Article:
Let me put it this way:

P u t t i n g s p a c e s e v e r y w h e r e d o e s n ' t r e a l l y h e l p.

Use whitespaces to visually support the structure of your code.

But understand: The clearness of your codes structure is not proportional to the amount of whitespace you use. So don't overdo it. Personally, I often code on my laptop and I can tell you, putting two new lines after each block doesn't increase readability, because it prevents me from seeing a whole unit of code at once. But then again, these are my personal constraints.

Adding whitespaces between operators is not cannonically better. Any mathematician will tell you that 4ab is more readable than 4 * a * b. It's a matter of culture and habit.

What you really should do is sit down with your team and try to get a feeling for how much whitespace is too little and how much is too much and then stick to that. Because ultimately, you don't do this to please some higher power (or some style committee that acts as if it were one), but for the people who have to maintain that code.

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9  
Let me put it this way: Spacesaregoodbecausetheyhelpyouseperatethingswhicharehardertoseparatewithoutthem‌​andit'saveryconsistentandeasyruletofollowinsteadoftalkingaboutitandfiguringoutthe‌​"right"amountofspacesneededforthisprojectetc. –  ubershmekel Apr 29 '12 at 6:50

All coding standards I've ever used (in Java, C and C++) required spaces around most/all binary operators. For me, if the coding standard says so, that is good enough reason.

Some people would argue that coding standards are fascist, cramp their style, make them less efficient programmers, etc. But these arguments miss the point. Coding standards are about making your code readable and maintainable by other people.

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You think that's Fascist? How about this? –  Mark C Oct 6 '10 at 7:21
    
Ummm ... thank you for sharing Mark. –  Stephen C Oct 6 '10 at 12:59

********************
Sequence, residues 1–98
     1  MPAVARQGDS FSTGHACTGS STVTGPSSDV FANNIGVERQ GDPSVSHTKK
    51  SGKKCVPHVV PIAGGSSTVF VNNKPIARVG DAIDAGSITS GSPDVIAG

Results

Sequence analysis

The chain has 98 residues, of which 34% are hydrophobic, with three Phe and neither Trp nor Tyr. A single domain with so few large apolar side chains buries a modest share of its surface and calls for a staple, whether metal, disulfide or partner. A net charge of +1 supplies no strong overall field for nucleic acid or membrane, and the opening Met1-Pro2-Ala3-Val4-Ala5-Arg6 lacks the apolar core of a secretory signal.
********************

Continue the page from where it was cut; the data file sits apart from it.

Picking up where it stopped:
Spaces give some room for breath and make the code a lot more readable.

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Readability is more important. So go for the 1st method.

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Proper syntax highlighting, which is a must-have for every IDE, makes spaces less useful. Highlighting makes names of variables visually distinguishable from math operations and assignment operators. This just means that how to set spaces is not a very important question.

I usually select a pattern depending on a language. If a language is abundant in spaces (such as OCaml or Haskell, where Space is a delimiter of function arguments), I use more of them:

let filtered = List.filter (fun x -> (x * 2) + 5 > a) list in
if ((List.length filtered) > 0) then ...

But if spaces aren't used as valuable syntactic constructs (C, C++, Perl), I tend to avoid them:

int decision=calculate(x*2,5,a) || (y*3<100);
if (decision){
  ...

Syntax highlighting (which seems to be turned off here) makes the latter example less of a mess.

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26  
I hate your C code. –  R. Martinho Fernandes Sep 15 '10 at 3:25
    
If your code is that complex, use spaces and add additional well-named function/method calls, don't just trim spaces. –  Bill K Nov 9 '11 at 16:29
    
@Bill, apparently, we have different notions of whether a piece of code is complex. To me, syntactical complexity doesn't immediately render the code "complex." –  Pavel Shved Nov 10 '11 at 9:40
2